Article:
], the start position of the annot
ation and the
end position are saved as
the algorithm

walks the tree structure of the document from the root
down
to the leaves. The
reattachment algorithm uses the path information to find and mark the annotation location. As a complement to these
methods
, we are using
context

descriptor.
Context

is defined as words surrounding the annotated text.
To make sure the
exact same location is marked, the saved context should match with the context of the current location.
The number of
context words
before and a
fter the annotation location
can
affect the

accuracy and efficiency of the reat
tachment algorithm.


2.4

User I
nterface

Figure
6

shows a
snapshot of
the
OntoGloss. In this f
igure,
the word
have

is annotated as
instance of the class
Verb

in GOLD
ontology. As the

figure
show
s
, moving
the
mouse over the annotated text
(
that is marked with
!!
) display
s the type of the
annotated text. Any document, local or on the Web, can be annotated by highlighting the text and drag and drop operation.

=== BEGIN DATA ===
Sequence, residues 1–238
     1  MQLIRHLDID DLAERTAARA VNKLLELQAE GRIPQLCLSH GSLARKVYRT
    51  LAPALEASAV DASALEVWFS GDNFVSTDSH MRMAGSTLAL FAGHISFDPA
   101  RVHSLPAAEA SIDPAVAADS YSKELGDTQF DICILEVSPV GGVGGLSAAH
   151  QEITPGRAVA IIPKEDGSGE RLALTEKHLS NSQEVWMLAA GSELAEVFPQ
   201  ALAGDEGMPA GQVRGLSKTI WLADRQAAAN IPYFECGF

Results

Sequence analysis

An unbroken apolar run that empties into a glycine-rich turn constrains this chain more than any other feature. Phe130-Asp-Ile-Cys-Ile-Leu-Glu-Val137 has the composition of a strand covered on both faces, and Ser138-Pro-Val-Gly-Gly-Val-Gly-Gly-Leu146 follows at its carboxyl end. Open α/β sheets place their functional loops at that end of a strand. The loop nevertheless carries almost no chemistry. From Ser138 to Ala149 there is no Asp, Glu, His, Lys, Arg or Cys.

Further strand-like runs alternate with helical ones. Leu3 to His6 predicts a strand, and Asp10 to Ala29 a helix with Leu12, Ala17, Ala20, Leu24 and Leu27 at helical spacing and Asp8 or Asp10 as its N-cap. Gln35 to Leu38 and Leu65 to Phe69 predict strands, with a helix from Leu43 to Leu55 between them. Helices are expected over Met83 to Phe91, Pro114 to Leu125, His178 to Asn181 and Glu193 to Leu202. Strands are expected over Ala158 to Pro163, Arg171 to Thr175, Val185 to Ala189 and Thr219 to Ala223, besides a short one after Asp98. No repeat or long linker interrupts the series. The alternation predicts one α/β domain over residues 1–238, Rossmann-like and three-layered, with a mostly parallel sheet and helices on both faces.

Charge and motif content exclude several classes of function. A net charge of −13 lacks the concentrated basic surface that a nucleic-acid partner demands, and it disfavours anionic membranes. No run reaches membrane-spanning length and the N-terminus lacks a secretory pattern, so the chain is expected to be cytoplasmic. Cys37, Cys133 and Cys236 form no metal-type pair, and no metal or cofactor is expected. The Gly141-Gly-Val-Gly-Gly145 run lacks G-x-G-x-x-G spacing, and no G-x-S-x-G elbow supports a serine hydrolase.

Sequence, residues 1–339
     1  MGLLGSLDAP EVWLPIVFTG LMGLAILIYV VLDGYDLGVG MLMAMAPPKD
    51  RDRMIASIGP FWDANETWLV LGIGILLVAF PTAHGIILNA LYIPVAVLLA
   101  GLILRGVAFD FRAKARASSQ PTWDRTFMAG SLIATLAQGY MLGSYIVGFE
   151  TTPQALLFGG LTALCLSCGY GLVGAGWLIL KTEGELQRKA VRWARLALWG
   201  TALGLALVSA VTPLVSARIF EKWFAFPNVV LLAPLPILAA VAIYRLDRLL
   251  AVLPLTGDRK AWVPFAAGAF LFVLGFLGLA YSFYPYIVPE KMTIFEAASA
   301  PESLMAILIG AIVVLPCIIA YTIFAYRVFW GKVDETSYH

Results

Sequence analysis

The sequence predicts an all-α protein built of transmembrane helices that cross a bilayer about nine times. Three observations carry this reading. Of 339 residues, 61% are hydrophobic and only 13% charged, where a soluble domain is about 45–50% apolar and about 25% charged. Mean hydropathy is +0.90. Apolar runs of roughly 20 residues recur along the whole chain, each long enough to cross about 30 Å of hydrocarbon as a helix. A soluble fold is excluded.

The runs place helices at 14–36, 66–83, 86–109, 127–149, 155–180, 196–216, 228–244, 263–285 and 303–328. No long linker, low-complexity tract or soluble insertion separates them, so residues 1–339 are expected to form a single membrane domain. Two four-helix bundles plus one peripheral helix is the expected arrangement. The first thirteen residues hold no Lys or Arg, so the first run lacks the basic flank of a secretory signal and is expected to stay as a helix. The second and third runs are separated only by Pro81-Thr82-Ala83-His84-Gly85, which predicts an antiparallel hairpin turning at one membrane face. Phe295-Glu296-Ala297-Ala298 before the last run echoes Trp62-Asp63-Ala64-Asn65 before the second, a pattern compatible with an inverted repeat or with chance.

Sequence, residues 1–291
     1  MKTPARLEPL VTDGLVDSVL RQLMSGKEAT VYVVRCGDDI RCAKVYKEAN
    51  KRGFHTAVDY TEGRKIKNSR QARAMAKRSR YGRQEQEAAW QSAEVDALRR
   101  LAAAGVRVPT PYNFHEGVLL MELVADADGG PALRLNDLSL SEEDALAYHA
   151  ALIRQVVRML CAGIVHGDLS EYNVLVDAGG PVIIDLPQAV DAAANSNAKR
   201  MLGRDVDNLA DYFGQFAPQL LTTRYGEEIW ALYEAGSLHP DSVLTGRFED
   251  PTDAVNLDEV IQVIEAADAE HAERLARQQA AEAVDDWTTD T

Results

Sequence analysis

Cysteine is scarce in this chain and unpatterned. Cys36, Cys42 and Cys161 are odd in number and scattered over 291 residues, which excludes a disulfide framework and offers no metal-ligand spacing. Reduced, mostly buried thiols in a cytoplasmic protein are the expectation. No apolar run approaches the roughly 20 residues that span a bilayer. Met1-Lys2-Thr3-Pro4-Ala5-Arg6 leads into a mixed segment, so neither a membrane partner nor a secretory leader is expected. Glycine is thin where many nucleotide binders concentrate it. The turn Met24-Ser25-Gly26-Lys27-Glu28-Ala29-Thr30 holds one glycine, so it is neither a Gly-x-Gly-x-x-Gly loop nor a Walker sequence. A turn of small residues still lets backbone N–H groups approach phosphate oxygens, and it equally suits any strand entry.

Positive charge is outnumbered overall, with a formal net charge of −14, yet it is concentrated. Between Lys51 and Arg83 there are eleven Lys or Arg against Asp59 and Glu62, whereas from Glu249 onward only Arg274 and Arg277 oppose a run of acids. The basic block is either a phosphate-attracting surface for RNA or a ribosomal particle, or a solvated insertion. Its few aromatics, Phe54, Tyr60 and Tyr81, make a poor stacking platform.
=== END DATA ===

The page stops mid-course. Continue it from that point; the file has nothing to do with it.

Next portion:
Once a section of
the
text i
s selected (a morpheme, a word or a paragraph), user can drag the section and drop it on a
concept in the ontology. This will creat
e an RDF triple in the form of <Subject rdf:type Object>

in the
Annotation Database
.
Subject is the selected text and Object
is the class that the text is of its type.

Here is a sample of the OntoGloss output. For brevity, the URI before

the # sign is replace with Doc1 and Doc
2
.

<rdf:Description rdf:about="Doc
1#2004">


<rdf:type rdf:resource="
GOLD

#NumberValue"/>

</rdf:Descript
ion>

<rdf:Description rdf:about
="Doc
2#10">


<rdf:type rdf:resource="
GOLD
#NumberValue"/>

</rdf:Description>


While
a

word is selected, one can get its different
synsets